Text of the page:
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Ever read an article in the local paper that gives fairly categorical advice about how to exercise, eat, sleep, relax, or whatever? I read them all the time, in everything from the most erudite scientific magazines and journals to the tabloids that I guiltily sneak a look at while waiting in the checkout line at the grocery store (and pondering whether or not to give my sage advice about child behavior management to the lady in front of me with the out of control child [I never do, by the way]). General advice of this sort, based on the “average bear” (for you friends of Yogi Bear) is called “nomothetic,” as compared to advice tailored to the individual, which is called “idiographic.” Both have a place in the science of behavior and thus in the workplace. And both have their limitations.
General statements about the human condition obviously are important. Knowing that most of us (but, even here, not all of us) can distinguish red and green is critical in designing traffic management systems. Knowing that exercise and an appropriate diet generally result in a healthier person has contributed to improving the quality of life for many of us.
Nomothetic statements, however, sometimes are contradictory, as when one of us observes, “Absence makes the heart grow fonder,” while a colleague notes with equal certainty, “Out of sight out of mind.” Medical advice often is nomothetic, based on the effects of some drug or therapeutic regimen on the average Joe or Josephine. A behavior analyst colleague has pointed out that cancer drugs are screened according to statistical analyses that say little about the effects of the drugs on specific individuals within a population (Perils of Evidence-Based Medicine). In developing his own treatment for his brain cancer, he found that many drugs rejected for general use because when used in treatment they failed to reach an arbitrary level of statistical significance were useful in his particular case. (Given less than a 1% chance of living 5 years, he is going strong more than 20 years after the initial diagnosis). Management advice often is similarly nomothetic. It is designed for the average situation or circumstance, but maybe not for yours or mine. Good programs sometimes are not considered because they don’t work well in the average company.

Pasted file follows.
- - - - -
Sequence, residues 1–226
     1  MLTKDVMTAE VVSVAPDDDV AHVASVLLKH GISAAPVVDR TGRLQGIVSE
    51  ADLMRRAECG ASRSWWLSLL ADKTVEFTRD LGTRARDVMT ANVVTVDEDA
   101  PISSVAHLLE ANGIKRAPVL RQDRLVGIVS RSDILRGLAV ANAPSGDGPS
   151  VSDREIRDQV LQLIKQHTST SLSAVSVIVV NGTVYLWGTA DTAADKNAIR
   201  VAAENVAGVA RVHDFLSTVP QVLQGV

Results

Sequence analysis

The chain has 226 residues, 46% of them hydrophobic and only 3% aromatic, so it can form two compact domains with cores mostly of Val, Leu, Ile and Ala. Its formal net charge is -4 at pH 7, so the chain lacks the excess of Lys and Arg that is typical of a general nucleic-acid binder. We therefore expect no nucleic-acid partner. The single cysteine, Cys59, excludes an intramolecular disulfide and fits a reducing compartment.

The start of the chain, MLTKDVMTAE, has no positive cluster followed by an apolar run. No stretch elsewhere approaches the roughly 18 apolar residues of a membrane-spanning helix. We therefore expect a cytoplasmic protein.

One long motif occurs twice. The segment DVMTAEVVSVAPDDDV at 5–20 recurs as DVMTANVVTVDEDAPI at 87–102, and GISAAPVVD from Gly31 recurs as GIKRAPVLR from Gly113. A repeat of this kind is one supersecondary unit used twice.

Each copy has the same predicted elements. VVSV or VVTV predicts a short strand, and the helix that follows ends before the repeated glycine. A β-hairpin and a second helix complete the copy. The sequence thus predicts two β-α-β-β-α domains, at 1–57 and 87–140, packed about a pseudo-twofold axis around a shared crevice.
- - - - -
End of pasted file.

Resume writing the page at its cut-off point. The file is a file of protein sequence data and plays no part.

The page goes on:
Performance management programs like those developed by Aubrey Daniels International are sensitive to nomothetic data, but they go beyond what seems good for the average Joe or Josephine and focus on individual circumstances and situations (which is not to say, only on individuals), tailoring management systems for those circumstances and situations. This sensitivity to local circumstances often distinguishes a behavioral approach, making it useful and adaptable to a range of situations. Square pegs are not fitted into round holes simply because there is a round hole matrix. Perfect squares and perfect circles are rare in real life and it more often is the case that both the shape and the matrix need to be fitted to one another.
The next time you hear that national or local news reporter droning on about how we should all eat more cabbage to increase our visual acuity or whatever, be circumspect. Or that well-known management consultant Bill Snibblegrass says that the latest Firewalking in the Rain management approach is what everybody on your management teams needs to address whatever challenges of managing others they face, be circumspect. Ask for the data, evaluate the evidence. Understand the circumstances under which Firewalking in the Rain has been tested, who it was tested on, how it was tested, and what the outcomes really are. Considering these things will guide you in evaluating whether the new Snibblegrass method really might be useful in helping the Joes and Josephines in your organization.
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